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Category:    Home > Reviews > Musical > Backstage > Drama > The Jazz Singer (1980) - 25th Anniversary Edition

The Jazz Singer (1980) – 25th Anniversary Edition


Picture: C+    Sound: B-    Extras: B    Film: B



The first version of The Jazz Singer (1927) is usually considered the first talkie in movie history, one of its many controversies, and featured Al Jolson appearing in blackface singing "Mammy".  A second version was made in 1952 by director Michael Curtiz and starred Danny Thomas.  The third version of this oft-told story was produced in 1980 and featured singing star Neil Diamond in his first (and last to date) starring role as the title character.


The 1980 version of The Jazz Singer opened during the Christmas season of 1980, and did moderately well despite lots of scathingly negative reviews.  The back of the DVD case says it received three Golden Globe nominations (Diamond for Best Actor, Lucie Arnaz for Best Supporting Actress, and Diamond's "Love on the Rocks" for Best Song).  What the DVD case doesn't tell you is that The Jazz Singer won two 1980 Razzies (Diamond for Worst Actor and Laurence Olivier for Worst Supporting Actor).  The movie, though, really isn't that bad.  Yes, some of the melodramatic story developments probably seemed corny by 1980, and haters of sentimentality might pull their hair out.  However, I thought Diamond's musical numbers were excellent, and most of the film is very likeable in spite of its clichés.  And Olivier certainly didn't deserve a Razzie.  The legendary actor is actually quite good, and has a couple of heartfelt, moving scenes.


The Jazz Singer was directed by veteran Richard Fleischer, who joined the production two weeks after filming began when original director Sidney J. Furie (Lady Sings the Blues, The Boys in Company C, Superman IV) was fired.  I would have liked to have heard the reasons behind Furie's dismissal, but producer Jerry Leider (who seems like a really nice guy) never mentions Furie by name during his audio commentary.  The underrated Fleischer, whose many good films (The Vikings, Compulsion, The Boston Strangler, Soylent Green, Mr. Majestyk) have been overshadowed by a handful of much-hated films (Mandingo, Amityville 3-D, Red Sonja), does his usual workmanlike job behind the camera.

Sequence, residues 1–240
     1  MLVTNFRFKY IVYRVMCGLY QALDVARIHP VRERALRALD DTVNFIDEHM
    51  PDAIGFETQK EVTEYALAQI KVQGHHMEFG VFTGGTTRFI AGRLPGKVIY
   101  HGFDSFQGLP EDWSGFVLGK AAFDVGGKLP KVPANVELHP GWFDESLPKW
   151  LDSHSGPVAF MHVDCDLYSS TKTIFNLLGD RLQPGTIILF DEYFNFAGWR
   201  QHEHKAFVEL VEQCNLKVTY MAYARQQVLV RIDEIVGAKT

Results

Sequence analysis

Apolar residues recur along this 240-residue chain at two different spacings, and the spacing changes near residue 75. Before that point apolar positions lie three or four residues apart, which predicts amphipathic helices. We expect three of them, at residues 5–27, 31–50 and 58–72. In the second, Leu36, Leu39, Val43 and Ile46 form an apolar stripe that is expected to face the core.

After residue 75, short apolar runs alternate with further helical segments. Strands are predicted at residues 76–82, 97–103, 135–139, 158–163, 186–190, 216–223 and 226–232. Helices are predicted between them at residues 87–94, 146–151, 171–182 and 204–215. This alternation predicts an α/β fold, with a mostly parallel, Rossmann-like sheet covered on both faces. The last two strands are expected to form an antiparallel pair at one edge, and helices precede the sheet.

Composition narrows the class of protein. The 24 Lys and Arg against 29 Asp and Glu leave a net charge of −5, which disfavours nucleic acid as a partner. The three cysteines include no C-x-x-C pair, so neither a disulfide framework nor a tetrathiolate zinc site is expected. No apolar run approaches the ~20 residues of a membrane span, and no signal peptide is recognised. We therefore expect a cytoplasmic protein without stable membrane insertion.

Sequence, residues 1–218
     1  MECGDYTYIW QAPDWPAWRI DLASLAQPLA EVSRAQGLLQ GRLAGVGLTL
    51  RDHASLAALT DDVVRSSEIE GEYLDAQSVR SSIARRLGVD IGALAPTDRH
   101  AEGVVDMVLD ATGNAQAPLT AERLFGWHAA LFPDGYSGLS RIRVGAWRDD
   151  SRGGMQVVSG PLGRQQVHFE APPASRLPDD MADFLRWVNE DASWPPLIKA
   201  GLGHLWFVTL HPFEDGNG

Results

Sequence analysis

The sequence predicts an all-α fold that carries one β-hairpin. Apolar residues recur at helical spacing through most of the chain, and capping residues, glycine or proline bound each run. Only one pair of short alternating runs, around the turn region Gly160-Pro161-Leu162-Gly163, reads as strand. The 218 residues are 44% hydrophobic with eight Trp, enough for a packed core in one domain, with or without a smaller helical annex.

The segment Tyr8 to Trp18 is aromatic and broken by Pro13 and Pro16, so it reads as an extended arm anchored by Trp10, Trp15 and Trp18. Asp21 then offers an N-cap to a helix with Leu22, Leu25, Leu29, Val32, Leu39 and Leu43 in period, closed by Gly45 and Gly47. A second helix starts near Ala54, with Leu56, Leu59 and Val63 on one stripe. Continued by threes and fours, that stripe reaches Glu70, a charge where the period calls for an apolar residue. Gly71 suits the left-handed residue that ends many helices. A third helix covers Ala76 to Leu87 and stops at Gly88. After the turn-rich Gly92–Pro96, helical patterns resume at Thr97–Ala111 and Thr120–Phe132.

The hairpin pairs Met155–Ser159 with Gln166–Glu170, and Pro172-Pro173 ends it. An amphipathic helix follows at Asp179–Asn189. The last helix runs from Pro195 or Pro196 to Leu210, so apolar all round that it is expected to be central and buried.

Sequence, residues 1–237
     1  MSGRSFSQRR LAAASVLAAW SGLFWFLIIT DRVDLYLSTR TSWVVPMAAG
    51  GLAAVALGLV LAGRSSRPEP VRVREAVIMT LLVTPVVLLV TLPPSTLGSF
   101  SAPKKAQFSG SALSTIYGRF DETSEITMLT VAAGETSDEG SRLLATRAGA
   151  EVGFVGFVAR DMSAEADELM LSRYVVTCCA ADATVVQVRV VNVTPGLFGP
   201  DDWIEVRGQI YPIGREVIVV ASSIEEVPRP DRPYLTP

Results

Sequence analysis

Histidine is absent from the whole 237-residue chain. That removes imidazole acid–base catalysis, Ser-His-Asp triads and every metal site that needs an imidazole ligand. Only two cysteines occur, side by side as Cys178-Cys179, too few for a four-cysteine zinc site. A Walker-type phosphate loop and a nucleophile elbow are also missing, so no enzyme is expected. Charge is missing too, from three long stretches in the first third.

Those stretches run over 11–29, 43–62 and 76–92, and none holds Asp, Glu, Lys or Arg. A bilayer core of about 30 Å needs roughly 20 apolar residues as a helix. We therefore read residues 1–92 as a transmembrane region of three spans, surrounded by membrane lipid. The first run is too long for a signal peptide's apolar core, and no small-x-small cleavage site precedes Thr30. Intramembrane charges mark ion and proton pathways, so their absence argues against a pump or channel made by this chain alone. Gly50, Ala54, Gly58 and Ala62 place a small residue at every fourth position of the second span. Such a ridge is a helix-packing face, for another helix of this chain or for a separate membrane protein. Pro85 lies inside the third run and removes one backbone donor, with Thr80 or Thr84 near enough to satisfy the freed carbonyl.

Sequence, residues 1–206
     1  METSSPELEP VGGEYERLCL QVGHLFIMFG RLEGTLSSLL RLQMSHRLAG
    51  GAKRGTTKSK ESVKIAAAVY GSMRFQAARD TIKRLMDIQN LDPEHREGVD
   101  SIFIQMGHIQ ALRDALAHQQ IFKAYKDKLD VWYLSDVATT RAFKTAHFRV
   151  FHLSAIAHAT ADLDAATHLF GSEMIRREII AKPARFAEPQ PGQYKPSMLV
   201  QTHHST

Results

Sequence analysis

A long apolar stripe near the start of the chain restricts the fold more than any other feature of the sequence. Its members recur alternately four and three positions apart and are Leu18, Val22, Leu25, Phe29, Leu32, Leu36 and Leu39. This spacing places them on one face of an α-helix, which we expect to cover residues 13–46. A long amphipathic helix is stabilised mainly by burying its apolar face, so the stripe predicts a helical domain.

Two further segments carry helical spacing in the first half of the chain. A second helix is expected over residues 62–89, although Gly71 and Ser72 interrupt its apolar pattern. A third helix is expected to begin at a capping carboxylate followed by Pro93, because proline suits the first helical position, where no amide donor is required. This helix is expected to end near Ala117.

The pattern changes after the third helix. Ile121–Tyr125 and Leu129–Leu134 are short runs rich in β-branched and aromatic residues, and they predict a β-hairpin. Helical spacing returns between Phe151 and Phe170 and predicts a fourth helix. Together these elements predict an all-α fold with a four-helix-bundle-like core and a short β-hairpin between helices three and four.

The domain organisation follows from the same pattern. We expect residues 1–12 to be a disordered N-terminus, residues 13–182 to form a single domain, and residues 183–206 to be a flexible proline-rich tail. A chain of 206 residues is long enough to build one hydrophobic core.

Diamond holds his own on-screen as Yussel Rabinovitch, who works at a New York City synagogue where his deeply religious father (Laurence Olivier) is a cantor.  The old man expects his son to follow in his footsteps, but Yussel has a secret passion.  Under the stage name of Jess Robin, he regularly sneaks off to sing with an all-black band.  And in a nod to the 1927 original, Jess wears an Afro and brown makeup in one scene during an attempt to make him fit in while performing at an all-black club.  Cantor Rabinovitch is none too happy to find out about his son's singing career, and he especially doesn't approve when Jess goes off to Southern California to pursue his dream.  Jess also leaves behind his Jewish wife (Catlin Adams), who's written off way too easily, and ends up having an affair with a Gentile woman (Lucie Arnaz), causing Cantor Rabinovitch to exclaim, "I hef no son," in the film's most mocked line.  But as Jess rises to fame, we get to hear Diamond perform some of his best songs such as "Hello Again," "Love on the Rocks" and "America".  Not surprisingly, the soundtrack album to The Jazz Singer went on to become a much bigger success than the movie itself.


The anamorphically enhanced 1.85 X 1 image was even blown up to 70mm at one point, but here, you would never know that with the softness in the picture.  It has its moments, but is not a new remastering and certainly not HD in any way.  The DVD has been given a decent transfer, but there's still some scenes that appear a bit grainy and lack sharpness within the 1.85:1 frame.  The sound is interesting because this film was the third-ever 5.1 sound film as we know them following Superman – The Movie in 1978 and Apocalypse Now in 1979.  It is not often remembered as such and the combination of the sound mix and the 70mm blow-ups that contained such sound exclusively pre-digital sound era were meant to match what Warner had done with the Barbra Streisand “classic film remake” A Star Is Born in 1976.  It was blown up to 70mm and was the first official Dolby 4.1 sound film, both at a time when this referred to analog magnetic striping on the prints.  35mm could not hold more than four until digital.  Anchor Bay has upgraded the sound to a Dolby Digital 5.1 EX and slightly better DTS 6.1 ES mix, though both show harshness and sonic limits.  It is still interesting and will make an interesting comparison if Columbia ever issues the soundtrack in a 5.1 SACD.


Associated Film Distribution, a mini-major from the late '70s and early '80s, originally released The Jazz Singer in December, 1980, but the film hasn't been seen much in recent years.  As usual, Anchor Bay Entertainment has done a wonderful job transferring this guilty pleasure to DVD for the first time -- something they've done again and again.  Thank God for Anchor Bay.  Released to commemorate the film's 25th anniversary, Anchor Bay has once again delivered in the extras department.  In addition to the feature-length audio commentary by producer Leider (a veteran of mostly TV projects who obviously loves the final results much more than most), there's the original theatrical trailer, a TV spot, a few still photos, the theatrical poster image and star and director bios.  I only wish all companies put this much effort into their older catalogue titles.



-   Chuck O'Leary


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